The Daily Gamecock

Column: Looking back at presidential accountability

The class of 2021 studied under two seemingly different university presidents, but there was one consistent trait between the Pastides and Caslen administrations: a total lack of accountability to the student body.

Our current president's issues started before he even took office. Despite student protests and the faculty senate voting unanimously against his appointment and his lack of qualifications, Robert Caslen was appointed university president in 2019 thanks to Gov. Henry McMaster’s support.

Since his initial appointment, Caslen's reputation has become more mixed. Some faculty and board of trustees members have changed their stance and expressed support for his presidency, especially regarding his hires elsewhere in the administration.

However, his administration still suffers from the fact that its largest constituency, the student body, has no real influence over the decisions made about its university.

This problem did not arrive on campus with Caslen — President Emeritus Harris Pastides’ tenure had similar problems.

Many examples span administrations. For example, both Caslen’s and Pastides’ administrations showed a total lack of transparency and accountability regarding how they both essentially ignored the allegations of sexual harassment and abuse against professor David Voros, with whom Pastides was a personal friend

Caslen’s and Pastides’ administrations also both refused to seriously engage with their university’s racist past and present.

In 2015, a group of students put together a series of 12 demands entitled the "2020 Vision" campaign. It demanded that the university acknowledge its history of enslavement, expand its minority recruitment efforts, improve its efforts around student mental health and address other social justice issues.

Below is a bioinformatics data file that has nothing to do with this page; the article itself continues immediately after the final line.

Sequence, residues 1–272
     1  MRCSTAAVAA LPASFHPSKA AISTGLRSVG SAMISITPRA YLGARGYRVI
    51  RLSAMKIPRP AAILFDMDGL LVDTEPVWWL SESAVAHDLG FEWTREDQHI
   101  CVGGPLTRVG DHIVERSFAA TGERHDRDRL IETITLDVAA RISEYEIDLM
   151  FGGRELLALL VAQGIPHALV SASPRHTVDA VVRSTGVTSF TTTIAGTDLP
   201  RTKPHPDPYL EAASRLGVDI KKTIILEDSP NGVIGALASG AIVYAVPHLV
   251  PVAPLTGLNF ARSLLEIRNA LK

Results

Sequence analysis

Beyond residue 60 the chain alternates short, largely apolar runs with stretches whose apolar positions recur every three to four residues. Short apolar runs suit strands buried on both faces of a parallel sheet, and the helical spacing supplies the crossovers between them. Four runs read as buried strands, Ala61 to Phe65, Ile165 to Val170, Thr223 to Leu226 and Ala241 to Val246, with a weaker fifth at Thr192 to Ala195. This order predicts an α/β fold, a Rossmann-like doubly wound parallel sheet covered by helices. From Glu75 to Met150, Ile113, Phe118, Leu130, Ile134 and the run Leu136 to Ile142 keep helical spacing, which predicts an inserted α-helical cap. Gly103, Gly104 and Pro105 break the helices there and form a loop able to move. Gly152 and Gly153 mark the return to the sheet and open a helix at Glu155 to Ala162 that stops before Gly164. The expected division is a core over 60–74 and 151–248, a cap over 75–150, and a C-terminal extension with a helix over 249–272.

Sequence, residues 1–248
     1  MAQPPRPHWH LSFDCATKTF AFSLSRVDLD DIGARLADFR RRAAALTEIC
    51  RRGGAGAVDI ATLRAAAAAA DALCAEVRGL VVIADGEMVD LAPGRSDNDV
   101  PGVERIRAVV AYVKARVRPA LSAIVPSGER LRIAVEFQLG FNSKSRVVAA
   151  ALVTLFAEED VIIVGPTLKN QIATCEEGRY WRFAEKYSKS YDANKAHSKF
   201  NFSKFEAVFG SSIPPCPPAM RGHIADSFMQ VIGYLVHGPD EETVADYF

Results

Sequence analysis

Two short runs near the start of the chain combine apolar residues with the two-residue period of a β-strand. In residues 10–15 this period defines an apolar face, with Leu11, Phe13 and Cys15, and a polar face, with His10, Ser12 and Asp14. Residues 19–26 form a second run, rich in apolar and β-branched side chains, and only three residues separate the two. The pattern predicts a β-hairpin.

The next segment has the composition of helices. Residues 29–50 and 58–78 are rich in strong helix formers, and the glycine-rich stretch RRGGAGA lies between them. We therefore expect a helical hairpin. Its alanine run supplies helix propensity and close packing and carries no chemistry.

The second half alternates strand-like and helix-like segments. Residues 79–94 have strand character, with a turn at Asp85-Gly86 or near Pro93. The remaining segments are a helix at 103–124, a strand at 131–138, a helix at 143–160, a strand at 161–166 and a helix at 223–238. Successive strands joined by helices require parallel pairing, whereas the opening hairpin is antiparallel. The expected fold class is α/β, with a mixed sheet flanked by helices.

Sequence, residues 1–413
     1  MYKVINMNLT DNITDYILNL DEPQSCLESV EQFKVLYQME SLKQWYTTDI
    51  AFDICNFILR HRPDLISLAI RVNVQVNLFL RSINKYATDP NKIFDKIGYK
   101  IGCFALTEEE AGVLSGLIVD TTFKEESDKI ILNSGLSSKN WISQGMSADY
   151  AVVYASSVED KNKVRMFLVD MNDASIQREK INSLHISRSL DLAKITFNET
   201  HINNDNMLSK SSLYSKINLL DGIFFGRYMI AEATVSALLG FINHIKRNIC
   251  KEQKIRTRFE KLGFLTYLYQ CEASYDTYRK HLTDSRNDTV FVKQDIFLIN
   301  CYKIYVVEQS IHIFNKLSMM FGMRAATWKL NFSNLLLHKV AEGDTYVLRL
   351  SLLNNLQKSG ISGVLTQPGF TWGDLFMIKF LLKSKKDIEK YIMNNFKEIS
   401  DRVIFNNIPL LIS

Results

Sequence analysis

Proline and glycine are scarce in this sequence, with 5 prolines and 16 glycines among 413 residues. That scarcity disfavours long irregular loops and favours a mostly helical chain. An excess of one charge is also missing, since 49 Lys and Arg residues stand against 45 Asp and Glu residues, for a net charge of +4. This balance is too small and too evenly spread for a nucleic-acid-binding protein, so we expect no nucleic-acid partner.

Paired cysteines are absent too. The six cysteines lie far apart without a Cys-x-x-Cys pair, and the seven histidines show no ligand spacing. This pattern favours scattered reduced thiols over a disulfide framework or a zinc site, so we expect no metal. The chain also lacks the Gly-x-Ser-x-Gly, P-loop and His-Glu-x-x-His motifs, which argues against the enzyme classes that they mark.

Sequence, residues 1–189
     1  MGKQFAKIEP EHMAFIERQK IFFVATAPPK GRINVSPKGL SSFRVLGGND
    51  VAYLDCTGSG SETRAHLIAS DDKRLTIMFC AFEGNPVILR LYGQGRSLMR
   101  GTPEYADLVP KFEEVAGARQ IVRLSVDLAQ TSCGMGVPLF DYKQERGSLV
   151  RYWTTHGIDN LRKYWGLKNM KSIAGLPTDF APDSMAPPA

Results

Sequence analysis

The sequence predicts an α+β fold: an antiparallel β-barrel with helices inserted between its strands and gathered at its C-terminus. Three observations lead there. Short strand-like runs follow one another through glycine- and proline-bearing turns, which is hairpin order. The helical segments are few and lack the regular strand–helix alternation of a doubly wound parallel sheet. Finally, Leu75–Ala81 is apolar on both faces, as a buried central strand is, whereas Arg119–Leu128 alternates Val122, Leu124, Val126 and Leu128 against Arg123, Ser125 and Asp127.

After a walkout and demonstration on the Horseshoe, the administration began dialogue with the campaign’s leaders. Some changes were made, most prominently the plaques on the Horseshoe about USC’s history of slavery, but for the most part the administration had a “clear refusal to acknowledge 2020 Vision,” according to former Honors student Clarie Randall in her senior thesis.

In the administration’s words, the changes were made “because it’s the right thing to do,” despite the fact the changes might not have happened without the campaign.

Caslen is currently using a similar strategy. Instead of recognizing and immediately acting on the demand from students to rename the buildings on campus that are named after racists, Caslen created a “Presidential Commission on University History” in 2019. After more than a year, the committee released a list of buildings for possible renaming and a list of possible options for new namesakes. The administration has not acted on them. 

Students have: Student activists took matters into their own hands and renamed the campus library after "Dean" Willie L. Harriford, USC’s first Black administrator.

If Caslen had any real interest in listening to students (or any of the other people who demand renamed buildings), there are clearly more efficient ways to do so.

These examples are just a handful of the ways in which the administration has ignored student concern over multiple university presidencies. In reality, this is a much deeper issue than just who happens to be university president.

The central problem is systemic — it’s a matter of how the university is organized. Formal student power on campus is limited to Student Government and the Residence Hall Association, whose powers are mostly limited to appropriating some of the money students pay through various fees. These student-led organizations are buried under layers of bureaucracy and are essentially powerless without the administration’s consent.

When we look back over the last four years, we must recognize that the people who actually make campus function — the students, faculty and staff — have very little power over how the university is run. It’s hard to see our school as a real community when most of us have so little say.

Our goal looking forward should be to highlight this contradiction and work to empower the more powerless members of our community, including the student body.


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